Programs for gifted criticized

Pupils not challenged, teachers overworked, group tells board

`Fall through the cracks'

Parents suggest separating children by ability levels

January 06, 2000|By Jackie Powder | Jackie Powder,SUN STAFF

Frustrated with the gifted and talented programs in the elementary and middle grades, parents told the county school board yesterday that their children are not challenged by the school system's offerings for academically advanced pupils.

Teachers are overworked -- and sometimes untrained -- and don't have the time or resources to give gifted and talented children the extra attention they need, the parents said. They also said the existing programs are too narrowly defined.

"They [teachers] have choices to make, and the gifted and talented students are the ones that fall through the cracks," said Elizabeth Bernsten, who has a fifth-grader at Georgetown East Elementary.

"Fellow parents have said, `What are they trying to do, push our kids down?' " Bernsten said.

Some of the six parents who spoke at yesterday's board meeting belong to the Gifted and Talented Association of Anne Arundel County, an advocacy group formed in September by parents Lynne Tucker and Debra Curro.

Tucker, who said the group has about 60 members, urged the school board to create a task force of students, parents, administrators and teachers to develop short-term solutions for the 2000-2001 school year.

The parents' comments came after school officials gave a presentation to the board on the in-school gifted and talented enrichment program for second through fourth grades. Called "prototypes," the programs are units on different themes that have been developed to complement the existing curriculum. The units are taught to all pupils, but teachers can expand the "prototypes" for more advanced pupils.

Other programs

Diane Sprague, the gifted and talented program coordinator for county schools, said the prototype program is only one of the offerings available to gifted elementary pupils.

Other options include after-school activities and enrichment programs in partnership with Anne Arundel Community College and Maryland Hall for the Creative Arts.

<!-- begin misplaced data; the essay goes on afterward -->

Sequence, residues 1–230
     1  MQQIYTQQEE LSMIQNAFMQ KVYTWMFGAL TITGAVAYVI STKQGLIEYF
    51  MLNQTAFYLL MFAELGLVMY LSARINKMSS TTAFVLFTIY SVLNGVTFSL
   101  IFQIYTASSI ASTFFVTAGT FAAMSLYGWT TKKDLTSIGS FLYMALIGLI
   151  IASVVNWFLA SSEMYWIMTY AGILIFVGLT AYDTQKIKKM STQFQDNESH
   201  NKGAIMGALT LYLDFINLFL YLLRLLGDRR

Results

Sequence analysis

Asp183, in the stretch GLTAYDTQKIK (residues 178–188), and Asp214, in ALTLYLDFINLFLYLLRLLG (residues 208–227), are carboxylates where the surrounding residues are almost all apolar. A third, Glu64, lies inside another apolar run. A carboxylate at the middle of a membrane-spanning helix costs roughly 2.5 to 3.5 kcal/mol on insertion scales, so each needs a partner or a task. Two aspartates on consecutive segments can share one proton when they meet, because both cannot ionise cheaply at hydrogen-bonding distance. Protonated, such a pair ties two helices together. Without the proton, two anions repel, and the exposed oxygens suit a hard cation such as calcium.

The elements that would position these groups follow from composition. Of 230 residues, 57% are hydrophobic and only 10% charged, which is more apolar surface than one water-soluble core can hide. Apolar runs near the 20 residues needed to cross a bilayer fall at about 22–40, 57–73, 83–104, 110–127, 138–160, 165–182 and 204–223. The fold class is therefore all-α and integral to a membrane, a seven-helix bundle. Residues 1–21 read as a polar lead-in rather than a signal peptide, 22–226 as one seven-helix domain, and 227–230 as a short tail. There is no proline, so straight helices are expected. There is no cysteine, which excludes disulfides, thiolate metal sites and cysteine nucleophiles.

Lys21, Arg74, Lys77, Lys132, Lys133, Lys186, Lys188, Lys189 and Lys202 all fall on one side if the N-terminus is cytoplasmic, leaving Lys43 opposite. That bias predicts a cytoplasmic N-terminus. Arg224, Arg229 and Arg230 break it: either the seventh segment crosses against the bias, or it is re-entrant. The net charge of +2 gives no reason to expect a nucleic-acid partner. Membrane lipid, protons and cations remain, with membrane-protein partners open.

All 77 elementary schools offer the prototypes for second and third grades. Sprague said the fourth-grade prototype is in 28 schools and will be in 30 more within two weeks. The prototype for fifth grade will be completed in the summer and will be in 30 schools by September, she said.

Parents were critical of the prototypes for several reasons. They said that it's up to individual teachers whether to design additional lessons for advanced pupils, and the curriculum is not properly evaluated to determine if it meets the needs of advanced pupils.

Stretched too thin

Parents said that separating pupils by ability levels would better serve the needs of all children. They said it's unrealistic to expect teachers to work with three ability groups: average, special education and advanced pupils.

"The teachers are doing as much as they can, given the constraints, but they say that having three levels stretches them too thin," said Shirley Bors, who has a son in kindergarten and a third-grader who was identified as gifted and talented through teacher observation.

"My children love to learn, but they tell me they're bored at school," Bors told the board. She said her older son told her that his teacher repeated a math lesson after Christmas vacation, but he didn't need the second lesson.

"They need a faster-paced curriculum and less repetition," Bors said.

Flexible grouping

In response to parents' concerns about grouping pupils by abilities, Sprague said, "What we believe in in Anne Arundel County is that there should be flexible grouping."

"Sometimes it's important that you have a variety of different kids," Sprague said. "Sometimes it's important to be with your ability peers, and we practice that."

Sprague said county school officials have hired resource teachers to help teachers develop lessons and activities for gifted pupils and, in some cases, work with pupils directly.

Positions restored

The program restores 18 enrichment positions that were cut from the school system's budget in 1998 to save $950,000. Instead of placing one enrichment teacher at each middle school, the teachers will work on a "cluster" basis at middle and elementary schools in the six instructional regions. The enrichment teachers visit schools in their region, acting as consultants to classroom teachers in gifted and talented instruction.

Sprague said 13 resource teachers have been hired and 12 are working in schools. She hopes to fill five remaining positions by the end of the month, but couldn't say when the resource teachers would be in classrooms.

"It depends on finding replacements," Sprague said.

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